It’s a somewhat surprising discovery, too. CNO fusion is much more common in larger, hotter stars. A smaller celestial body like the Sun only produces 1 percent of its energy through that process. This not only confirms that CNO is a driving force behind bigger stars, but the universe at large.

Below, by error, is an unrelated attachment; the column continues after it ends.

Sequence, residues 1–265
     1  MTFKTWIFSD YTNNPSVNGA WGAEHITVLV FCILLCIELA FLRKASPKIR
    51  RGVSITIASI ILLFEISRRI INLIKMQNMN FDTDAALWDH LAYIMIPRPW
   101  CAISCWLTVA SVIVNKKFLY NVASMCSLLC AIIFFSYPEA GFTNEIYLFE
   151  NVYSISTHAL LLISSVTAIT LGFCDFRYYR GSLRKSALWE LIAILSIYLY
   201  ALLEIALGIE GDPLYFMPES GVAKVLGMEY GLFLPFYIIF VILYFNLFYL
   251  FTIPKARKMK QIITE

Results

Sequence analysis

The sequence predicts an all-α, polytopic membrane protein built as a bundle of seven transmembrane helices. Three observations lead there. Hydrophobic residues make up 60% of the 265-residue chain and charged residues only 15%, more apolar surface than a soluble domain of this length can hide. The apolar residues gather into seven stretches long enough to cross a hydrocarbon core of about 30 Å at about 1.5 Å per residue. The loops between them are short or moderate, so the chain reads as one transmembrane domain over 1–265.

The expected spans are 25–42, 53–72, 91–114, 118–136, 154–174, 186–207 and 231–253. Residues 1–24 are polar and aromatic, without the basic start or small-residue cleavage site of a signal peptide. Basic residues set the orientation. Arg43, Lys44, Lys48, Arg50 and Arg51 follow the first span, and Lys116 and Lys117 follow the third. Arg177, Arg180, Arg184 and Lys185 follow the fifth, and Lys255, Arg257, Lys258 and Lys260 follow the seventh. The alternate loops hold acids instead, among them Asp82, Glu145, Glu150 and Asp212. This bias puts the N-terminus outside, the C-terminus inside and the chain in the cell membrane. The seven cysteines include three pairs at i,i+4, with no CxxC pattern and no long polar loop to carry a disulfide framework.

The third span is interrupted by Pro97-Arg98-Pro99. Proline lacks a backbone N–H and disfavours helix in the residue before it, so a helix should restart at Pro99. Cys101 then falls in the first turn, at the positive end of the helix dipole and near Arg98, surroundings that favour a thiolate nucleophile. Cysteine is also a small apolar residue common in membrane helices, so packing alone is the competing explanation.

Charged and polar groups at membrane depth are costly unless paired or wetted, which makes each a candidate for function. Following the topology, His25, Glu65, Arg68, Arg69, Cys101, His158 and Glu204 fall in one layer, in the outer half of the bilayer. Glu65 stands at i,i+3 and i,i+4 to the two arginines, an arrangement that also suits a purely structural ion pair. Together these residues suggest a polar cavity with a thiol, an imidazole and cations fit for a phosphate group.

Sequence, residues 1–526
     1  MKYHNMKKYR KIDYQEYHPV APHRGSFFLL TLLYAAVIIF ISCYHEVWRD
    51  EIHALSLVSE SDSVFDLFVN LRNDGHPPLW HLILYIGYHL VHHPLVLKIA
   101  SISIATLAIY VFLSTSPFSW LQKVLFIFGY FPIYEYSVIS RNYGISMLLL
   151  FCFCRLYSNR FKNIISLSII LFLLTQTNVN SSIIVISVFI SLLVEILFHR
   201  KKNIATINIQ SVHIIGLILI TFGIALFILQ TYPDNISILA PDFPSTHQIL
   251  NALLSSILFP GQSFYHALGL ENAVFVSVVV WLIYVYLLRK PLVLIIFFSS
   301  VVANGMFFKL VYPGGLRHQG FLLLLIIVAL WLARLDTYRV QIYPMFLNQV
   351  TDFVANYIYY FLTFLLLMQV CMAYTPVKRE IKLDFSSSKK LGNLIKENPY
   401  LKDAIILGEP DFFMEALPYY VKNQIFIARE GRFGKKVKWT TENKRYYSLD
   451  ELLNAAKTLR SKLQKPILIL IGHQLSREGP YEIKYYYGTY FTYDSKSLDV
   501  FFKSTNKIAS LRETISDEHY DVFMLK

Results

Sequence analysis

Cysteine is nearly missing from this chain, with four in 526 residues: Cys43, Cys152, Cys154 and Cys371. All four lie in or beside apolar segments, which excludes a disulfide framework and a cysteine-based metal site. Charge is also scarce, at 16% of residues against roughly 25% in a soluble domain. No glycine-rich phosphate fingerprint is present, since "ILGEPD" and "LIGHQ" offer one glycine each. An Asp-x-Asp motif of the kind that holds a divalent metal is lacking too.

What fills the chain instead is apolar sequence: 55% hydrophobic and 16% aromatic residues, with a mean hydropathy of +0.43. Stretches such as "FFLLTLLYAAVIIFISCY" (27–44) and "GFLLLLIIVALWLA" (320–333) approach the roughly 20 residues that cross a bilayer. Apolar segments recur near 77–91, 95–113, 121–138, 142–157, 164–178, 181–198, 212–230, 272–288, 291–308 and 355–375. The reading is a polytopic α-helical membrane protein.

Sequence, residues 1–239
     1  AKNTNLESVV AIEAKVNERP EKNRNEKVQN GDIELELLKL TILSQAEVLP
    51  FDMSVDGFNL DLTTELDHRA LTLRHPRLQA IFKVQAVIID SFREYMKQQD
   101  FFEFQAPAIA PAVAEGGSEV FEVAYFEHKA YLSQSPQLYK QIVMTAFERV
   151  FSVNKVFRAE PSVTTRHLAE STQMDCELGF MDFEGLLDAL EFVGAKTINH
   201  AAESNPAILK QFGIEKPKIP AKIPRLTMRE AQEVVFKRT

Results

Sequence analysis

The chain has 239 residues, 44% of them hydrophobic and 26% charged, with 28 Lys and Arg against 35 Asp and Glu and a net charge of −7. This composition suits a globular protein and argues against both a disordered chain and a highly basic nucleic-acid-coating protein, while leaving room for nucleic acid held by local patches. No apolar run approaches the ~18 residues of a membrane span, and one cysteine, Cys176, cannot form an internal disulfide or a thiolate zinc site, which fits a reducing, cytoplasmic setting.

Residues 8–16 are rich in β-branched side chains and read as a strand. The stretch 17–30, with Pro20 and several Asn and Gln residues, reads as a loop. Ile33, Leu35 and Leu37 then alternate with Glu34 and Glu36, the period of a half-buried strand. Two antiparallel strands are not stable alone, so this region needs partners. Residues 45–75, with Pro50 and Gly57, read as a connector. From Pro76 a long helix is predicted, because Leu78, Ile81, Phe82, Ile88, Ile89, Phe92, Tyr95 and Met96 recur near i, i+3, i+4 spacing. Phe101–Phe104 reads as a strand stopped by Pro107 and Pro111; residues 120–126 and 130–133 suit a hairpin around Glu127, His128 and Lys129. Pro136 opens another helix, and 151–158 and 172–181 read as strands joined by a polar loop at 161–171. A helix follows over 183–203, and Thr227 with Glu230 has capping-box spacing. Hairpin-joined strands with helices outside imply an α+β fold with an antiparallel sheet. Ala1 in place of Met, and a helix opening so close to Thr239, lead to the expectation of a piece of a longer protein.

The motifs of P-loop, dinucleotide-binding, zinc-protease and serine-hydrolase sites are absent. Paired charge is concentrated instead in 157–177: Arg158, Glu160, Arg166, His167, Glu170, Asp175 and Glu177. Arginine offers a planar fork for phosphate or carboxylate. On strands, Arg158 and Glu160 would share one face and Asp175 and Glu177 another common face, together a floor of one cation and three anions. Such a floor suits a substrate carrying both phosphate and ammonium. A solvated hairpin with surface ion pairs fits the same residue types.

That, in turn, might help explain some dark matter, where neutrinos could play a significant role. Scientist Orebi Gann, who wasn’t involved in these findings, also told NBC that an asymmetry between neutrinos and their relevant antiparticles might explain why there isn’t much known antimatter in the universe. To put it another way, the findings could help answer some of the most basic questions about the cosmos.